Wonderful Walker and Wordsworth
William Wordsworth wrote about ‘Wonderful Walker’, a clergyman from the Duddon valley famous for his frugality
In 1820, William Wordsworth published a ‘Memoir of the Rev. Robert Walker’, having also included references to him in his long poem ‘The Excursion’ (1814) and the sonnet sequence ‘The River Duddon (1820), to which the memoir was appended.
Walker, born at Undercragg in 1710, was curate of Seathwaite in the Duddon valley until his death in 1802. The stipend was a mere £5 per annum, so Robert sought other sources of income to support himself and his growing family of ten children. He doubled as school teacher, as did many clergymen, and he also provided a local service as a scrivener to those who could not read and write – but he added to his income by spending many hours every day spinning wool and flax for sale. He was appointed steward of the manor of Dunnerdale, and held the post from 1754 to 1799. He also, most unusually for a clergyman, set up in the business of selling ale – whilst ensuring ‘no late hours, no tippling, no immorality or indecency of any kind’.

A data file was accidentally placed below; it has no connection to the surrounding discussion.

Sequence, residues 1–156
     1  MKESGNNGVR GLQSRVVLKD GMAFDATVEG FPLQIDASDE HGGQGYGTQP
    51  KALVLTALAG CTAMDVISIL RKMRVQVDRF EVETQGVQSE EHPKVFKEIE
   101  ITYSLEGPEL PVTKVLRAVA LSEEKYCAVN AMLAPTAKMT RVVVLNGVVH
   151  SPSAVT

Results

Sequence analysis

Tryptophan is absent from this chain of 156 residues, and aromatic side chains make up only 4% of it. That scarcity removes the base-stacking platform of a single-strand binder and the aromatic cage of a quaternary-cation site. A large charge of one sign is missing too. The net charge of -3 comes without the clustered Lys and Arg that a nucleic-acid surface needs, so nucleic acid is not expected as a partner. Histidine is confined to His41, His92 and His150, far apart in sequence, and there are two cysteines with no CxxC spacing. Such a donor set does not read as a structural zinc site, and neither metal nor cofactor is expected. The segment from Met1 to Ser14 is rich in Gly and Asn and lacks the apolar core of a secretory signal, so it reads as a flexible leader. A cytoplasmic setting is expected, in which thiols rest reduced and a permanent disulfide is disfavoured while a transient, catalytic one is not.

Wordsworth may never have met him, but was inspired by the accounts he heard of his hard work and frugality. In his sonnet about ‘Seathwaite Chapel’, he wrote about how
‘.. in those days/When this low Pile a Gospel Teacher knew,/Whose good works formed an endless retinue;/A Pastor such as Chaucer’s verse portrays;/Such as the heaven-taught skill of Herbert drew;/And tender Goldsmith crowned with deathless praise!’
And in his Memoir he concluded
‘At his decease he left behind him no less a sum than £2000; and such a sense of his various excellences was prevalent in the country, that the epithet of WONDERFUL is to this day attached to his name’
For a full account, see Felicity Hughes, William Wordsworth and Wonderful Walker, Duddon Valley Local History Group, Ulpha, (2004)
Photo and text Bill Shannon